Who let the kids out?
At some schools learners were allowed out of school before the official end of term. Were yours among them?
School holidays officially started this week, but at some schools during the last few weeks, learners have been free to come and go at odd hours. The Education Law Project at CALS is receiving queries from parents whose children are being allowed to leave the school premises after finishing their exams, but before the schools have officially closed. It seems some educators are allowing children, in both primary and secondary schools, to leave the school premises early and unsupervised and parents are unsure of whether this is correct.
The problem is two-fold. Children are being told to go home directly after exams are completed in the mid-morning, Often parents themselves are allowing their children to stay home once their exams are over but before the official end of the term. Communication between schools and parents does not always seem clear.
Children may think that the last days of school are the same as going to prison, but the reality is that Section 3 of the South African Schools Act (84 of 1996) states that "every parent must cause every learner for whom he or she is responsible to attend a school from the first school day of the year until the last school day" during the compulsory school ages.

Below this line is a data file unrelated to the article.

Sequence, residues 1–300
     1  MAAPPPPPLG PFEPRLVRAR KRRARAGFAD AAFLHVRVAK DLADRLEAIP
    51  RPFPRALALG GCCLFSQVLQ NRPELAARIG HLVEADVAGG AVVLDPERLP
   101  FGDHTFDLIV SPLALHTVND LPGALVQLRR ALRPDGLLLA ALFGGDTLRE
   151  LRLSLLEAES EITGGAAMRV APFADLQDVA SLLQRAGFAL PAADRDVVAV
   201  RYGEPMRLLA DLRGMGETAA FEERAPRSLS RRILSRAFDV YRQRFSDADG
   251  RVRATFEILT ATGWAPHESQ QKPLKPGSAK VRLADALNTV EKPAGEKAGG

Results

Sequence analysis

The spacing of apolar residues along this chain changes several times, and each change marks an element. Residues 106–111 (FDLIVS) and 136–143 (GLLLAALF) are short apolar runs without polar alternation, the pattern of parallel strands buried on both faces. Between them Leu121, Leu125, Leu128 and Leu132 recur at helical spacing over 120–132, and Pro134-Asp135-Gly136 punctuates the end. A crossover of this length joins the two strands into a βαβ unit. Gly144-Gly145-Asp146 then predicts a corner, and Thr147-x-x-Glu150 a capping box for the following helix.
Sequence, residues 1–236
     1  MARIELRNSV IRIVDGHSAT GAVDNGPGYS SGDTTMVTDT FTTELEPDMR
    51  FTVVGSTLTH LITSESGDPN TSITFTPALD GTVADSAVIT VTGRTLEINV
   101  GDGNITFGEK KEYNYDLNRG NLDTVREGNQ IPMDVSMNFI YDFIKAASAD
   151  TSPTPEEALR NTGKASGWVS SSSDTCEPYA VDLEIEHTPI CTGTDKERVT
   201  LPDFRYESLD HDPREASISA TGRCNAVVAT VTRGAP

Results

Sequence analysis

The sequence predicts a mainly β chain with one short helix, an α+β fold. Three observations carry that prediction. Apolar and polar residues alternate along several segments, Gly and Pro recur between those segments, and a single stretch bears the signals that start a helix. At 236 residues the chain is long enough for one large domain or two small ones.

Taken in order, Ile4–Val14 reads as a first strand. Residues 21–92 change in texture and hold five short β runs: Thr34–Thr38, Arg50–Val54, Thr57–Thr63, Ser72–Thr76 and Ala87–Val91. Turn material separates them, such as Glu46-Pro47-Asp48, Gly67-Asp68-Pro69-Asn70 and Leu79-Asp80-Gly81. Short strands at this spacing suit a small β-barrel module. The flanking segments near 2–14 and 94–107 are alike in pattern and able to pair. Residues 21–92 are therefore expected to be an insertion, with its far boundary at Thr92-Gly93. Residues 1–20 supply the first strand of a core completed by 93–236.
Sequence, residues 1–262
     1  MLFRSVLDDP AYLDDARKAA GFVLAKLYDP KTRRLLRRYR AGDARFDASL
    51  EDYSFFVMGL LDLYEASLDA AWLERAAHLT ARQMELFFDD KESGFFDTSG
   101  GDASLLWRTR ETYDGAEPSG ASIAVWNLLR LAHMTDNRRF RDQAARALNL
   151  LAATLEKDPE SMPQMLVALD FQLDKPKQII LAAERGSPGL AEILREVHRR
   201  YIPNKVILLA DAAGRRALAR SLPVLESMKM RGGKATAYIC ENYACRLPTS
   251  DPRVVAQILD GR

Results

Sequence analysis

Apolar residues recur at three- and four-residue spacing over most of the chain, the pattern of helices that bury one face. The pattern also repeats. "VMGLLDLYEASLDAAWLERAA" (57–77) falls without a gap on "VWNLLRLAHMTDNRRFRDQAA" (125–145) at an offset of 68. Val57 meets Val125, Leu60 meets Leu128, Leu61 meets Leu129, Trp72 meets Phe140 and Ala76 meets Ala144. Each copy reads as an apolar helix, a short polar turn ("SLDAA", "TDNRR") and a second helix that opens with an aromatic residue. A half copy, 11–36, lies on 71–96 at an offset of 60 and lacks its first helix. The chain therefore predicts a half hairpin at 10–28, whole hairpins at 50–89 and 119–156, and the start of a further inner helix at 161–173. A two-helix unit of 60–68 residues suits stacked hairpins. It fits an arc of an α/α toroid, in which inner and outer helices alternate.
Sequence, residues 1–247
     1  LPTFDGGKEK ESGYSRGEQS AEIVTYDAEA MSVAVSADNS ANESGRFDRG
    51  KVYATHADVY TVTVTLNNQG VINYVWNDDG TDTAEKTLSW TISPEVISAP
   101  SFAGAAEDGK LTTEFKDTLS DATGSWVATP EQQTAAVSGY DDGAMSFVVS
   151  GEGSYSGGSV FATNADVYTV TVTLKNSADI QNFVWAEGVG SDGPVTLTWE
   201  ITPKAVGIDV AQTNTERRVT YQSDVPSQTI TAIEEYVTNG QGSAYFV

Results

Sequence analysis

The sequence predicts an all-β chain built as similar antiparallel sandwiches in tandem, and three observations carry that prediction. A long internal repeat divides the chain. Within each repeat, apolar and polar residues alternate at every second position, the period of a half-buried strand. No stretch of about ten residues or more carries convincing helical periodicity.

Indeed a parent or anybody else who prevents a learner from attending school "is guilty of an offence and liable on conviction to a fine or to imprisonment for a period not exceeding six months."Kids on the loose
The Education Law Project warns that children are at huge risk to child abuse, road accidents, and other risky behaviour as they are being left without parent and teacher supervision. Many parents are still working and will only take leave and employ child-minders during the holidays. For those who have employed child-minders already the additional cost is substantial.
Some parents are asking whether they can get a discount on their school fees, because some educators are allowing children to leave the school early. These educators are not fulfilling their designated role of in loco parentis and if a child should disappear or be harmed in any way it will be the responsibility of the school and the Department of Education. Obviously this affects the poorest portion of the learners most severely as their parents are unable to afford au pairs, nannies etc and this places the most marginalised children, especially girls, at the most risk.
Have your children been let out early? Send the name of the school and your province to email@example.com
at the Education Law Project.Do you think kids should be allowed home after exams? Who should make the decision? Comment in the box below.